We’ve been section-hiking the OT ever since I read True Grit back in 2018 and wanted to walk down where the story takes place.
Backpacking has provided our family with many transcendent connections—literary and otherwise. When we set out to cover some ground on foot, we’re getting in touch with a very ancient human practice. When we do something challenging, we have a chance to grow in character. When we face a grueling, rocky climb, our books can inspire us: “It’s the steps of Mordor! Onward to Mount Doom!”
Backpacking isn’t for everyone, but I firmly believe that reading living books and spending time outside are the one-two punch when it comes to helping our kids experience and enjoy what Charlotte Mason calls the science of relations. Some of our best family discussions and most interesting ah-ha moments happen on the trail. And it’s beautiful. But the magic doesn’t happen if we don’t step outside.
Do you know the context for the familiar Charlotte Mason quote “…mothers work wonders once they are convinced that wonders are demanded of them?” It’s from Volume One, in the section on “Out-of-Door Life for the Children.” Miss Mason recognizes that getting our kids outside might require us to work wonders. It’s a high calling. And it may feel at times that we have to climb mountains to make it happen. But the payoff is worth it. The connections made, the character built, and the awe at our Creator’s handiwork are all worth the effort.
I want to address two attitude obstacles, drawing from my family’s journey into backpacking. Even if you don’t choose to get into backpacking, I hope these concepts will help you recognize your own obstacles to getting outdoors and think of how you might work wonders to overcome them.
Attitude Obstacle #1: The Anxious Mama
We have not always been a backpacking family. I’ve enjoyed hiking since my teens, but sleeping outside is another story.
Several years ago, my husband looked into hammocking as a more comfortable alternative to sleeping on the ground. One evening, he set up a brand-new hammock kit in our yard, complete with a narrow “mummy” sleeping bag, bug net, and rain tarp. He tried it out and thought it was great. I tried it out and literally started hyperventilating. I’d never slept in a mummy bag before, and it turns out, I’m mildly claustrophobic. I couldn’t see the sky, I couldn’t move my arms or legs. It was too much all at once.
My husband realized that we needed to start by just getting me comfortable being outside. So, he’d set up the hammock on a pretty day and suggest I go out to take a nap or read a book. That, I could do.
Over time, as I got more comfortable, we tried sleeping outside on mild nights with no need for rain tarp or bug net. But I would still sometimes go inside midway through the night. This was not my thing, but it was growing on me.
Fast forward to today: I find my hammock quite inviting after a long day of hiking. And I’ve even gotten to the point where I can sleep on the ground on an ultralight air mattress.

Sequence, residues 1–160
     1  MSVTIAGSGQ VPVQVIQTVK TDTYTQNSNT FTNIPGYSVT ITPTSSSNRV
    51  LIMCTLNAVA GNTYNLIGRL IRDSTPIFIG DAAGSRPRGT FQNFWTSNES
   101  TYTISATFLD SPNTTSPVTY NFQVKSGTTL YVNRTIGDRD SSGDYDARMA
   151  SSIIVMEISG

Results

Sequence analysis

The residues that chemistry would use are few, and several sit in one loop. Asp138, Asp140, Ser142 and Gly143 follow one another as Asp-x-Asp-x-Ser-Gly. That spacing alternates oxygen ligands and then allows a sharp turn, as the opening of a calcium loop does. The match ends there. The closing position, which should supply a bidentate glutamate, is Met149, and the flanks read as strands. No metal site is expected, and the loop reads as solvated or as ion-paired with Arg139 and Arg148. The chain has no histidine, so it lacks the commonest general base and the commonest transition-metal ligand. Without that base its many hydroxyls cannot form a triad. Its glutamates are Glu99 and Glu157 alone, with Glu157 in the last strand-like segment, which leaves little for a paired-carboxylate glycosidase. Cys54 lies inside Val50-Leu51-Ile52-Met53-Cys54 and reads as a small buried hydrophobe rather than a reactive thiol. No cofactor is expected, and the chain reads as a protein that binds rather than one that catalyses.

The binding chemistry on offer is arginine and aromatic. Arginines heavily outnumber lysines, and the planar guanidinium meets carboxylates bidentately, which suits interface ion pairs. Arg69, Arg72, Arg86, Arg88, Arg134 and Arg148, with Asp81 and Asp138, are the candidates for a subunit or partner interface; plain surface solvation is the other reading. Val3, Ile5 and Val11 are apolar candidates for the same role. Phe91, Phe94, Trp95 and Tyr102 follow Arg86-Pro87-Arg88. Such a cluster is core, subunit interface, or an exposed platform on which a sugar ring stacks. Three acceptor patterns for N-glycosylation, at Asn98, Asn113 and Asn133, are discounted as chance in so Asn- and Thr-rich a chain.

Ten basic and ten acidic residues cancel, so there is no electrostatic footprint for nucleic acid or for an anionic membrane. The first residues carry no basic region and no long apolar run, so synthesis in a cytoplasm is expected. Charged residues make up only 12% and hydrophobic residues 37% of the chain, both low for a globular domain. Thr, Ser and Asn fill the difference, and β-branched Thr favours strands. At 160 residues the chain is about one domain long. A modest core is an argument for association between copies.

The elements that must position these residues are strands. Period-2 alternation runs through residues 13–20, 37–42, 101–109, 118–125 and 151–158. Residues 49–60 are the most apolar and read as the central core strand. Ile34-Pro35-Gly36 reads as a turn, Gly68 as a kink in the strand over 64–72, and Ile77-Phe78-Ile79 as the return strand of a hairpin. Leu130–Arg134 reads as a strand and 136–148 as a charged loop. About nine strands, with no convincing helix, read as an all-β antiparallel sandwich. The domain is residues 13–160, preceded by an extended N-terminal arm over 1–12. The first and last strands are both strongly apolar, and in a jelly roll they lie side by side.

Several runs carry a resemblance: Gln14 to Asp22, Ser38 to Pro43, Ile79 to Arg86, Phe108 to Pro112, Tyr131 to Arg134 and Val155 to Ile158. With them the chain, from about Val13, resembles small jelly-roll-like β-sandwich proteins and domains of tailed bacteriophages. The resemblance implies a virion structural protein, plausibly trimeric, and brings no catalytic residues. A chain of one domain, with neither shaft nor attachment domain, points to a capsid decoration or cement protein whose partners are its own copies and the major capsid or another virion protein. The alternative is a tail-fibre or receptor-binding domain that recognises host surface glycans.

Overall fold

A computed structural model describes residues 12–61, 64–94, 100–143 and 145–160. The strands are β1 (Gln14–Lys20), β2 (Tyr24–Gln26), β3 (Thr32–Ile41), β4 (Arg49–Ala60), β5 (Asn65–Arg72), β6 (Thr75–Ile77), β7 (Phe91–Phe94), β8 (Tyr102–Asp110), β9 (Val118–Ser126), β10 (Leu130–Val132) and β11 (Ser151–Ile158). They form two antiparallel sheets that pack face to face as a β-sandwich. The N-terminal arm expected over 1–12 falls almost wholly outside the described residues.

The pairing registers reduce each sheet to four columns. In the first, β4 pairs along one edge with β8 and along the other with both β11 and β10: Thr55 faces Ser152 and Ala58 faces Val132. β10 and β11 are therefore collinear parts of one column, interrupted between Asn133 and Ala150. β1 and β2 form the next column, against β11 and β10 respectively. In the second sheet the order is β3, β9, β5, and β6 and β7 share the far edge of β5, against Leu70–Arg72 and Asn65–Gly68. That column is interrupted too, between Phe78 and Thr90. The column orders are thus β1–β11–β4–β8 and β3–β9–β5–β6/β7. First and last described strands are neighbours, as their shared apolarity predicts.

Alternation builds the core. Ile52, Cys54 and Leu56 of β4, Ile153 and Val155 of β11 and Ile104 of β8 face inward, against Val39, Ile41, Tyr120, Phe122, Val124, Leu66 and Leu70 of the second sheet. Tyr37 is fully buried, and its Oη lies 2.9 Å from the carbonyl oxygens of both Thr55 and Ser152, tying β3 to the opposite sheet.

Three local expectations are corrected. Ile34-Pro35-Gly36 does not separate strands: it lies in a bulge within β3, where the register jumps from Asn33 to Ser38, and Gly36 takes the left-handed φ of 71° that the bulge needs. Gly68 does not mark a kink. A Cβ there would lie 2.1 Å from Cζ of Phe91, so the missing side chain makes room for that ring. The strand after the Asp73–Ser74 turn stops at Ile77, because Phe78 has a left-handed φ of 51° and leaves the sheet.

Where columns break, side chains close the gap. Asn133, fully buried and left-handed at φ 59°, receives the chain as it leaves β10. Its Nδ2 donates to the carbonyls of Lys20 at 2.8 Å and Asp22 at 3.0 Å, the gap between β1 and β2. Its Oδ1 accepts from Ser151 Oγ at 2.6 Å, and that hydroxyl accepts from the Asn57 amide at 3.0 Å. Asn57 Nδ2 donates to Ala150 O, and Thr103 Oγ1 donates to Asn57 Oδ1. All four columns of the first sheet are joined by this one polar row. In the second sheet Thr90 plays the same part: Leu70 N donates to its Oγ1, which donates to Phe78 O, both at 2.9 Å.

Your husband may not be the one leading the charge into the great outdoors for your family, and that’s ok. You may not be interested in backpacking, and that’s ok—I wouldn’t be doing it if it weren’t for my husband. But I hope you can see some of the takeaways from this story.
First off, we need to be patient—with ourselves and with our people. We are all–moms, dads, and children–born persons. So, consider your people and their quirks.
Secondly, we also need to recognize that if there is a strong reaction to something, it may mean we’re doing too much too soon. Start small, with things you can enjoy, and build up gradually from there.
Thirdly, our fears and anxiety may also mean we need more exposure—not less—to the things that scare us.
Let’s say you’re terrified that a snake is hiding behind every rock, just waiting for you to walk by so it can strike. You go over the facts: “Snakes are as eager to avoid me as I am to avoid them.” But often the facts by themselves don’t govern our emotional response until we’ve had the experience of safely walking past 100 or maybe even 1,000 suspicious rocks, with no snake incidents.
Facing our fears and dealing with our hangups is part of practicing masterly inactivity. It’s well worth reading chapter three of Volume Three to get better acquainted with what that means. But Miss Mason does give us a short list of what masterly inactivity involves: authority, good humor, self-confidence, confidence in the children, and a sound mind in a sound body.
Miss Mason adds, “If the sound body is unattainable, anyway, get the sound mind.” 😉
Our anxiety can trip us up, but it can also trip up our kids if we allow it. If we don’t face our fears and cast our cares upon the Lord, we may fail to communicate “confidence in the children,” we may be more inclined to say no when we should say yes, and we may deny our kids opportunities to test their capabilities and to grow in grit and resourcefulness.
Instead of modeling anxiety, we want to model curiosity and wonder at the things God has made. Instead of allowing our fears to keep us inside, we want to show our children by example how to step out beyond our comfort zone and grow.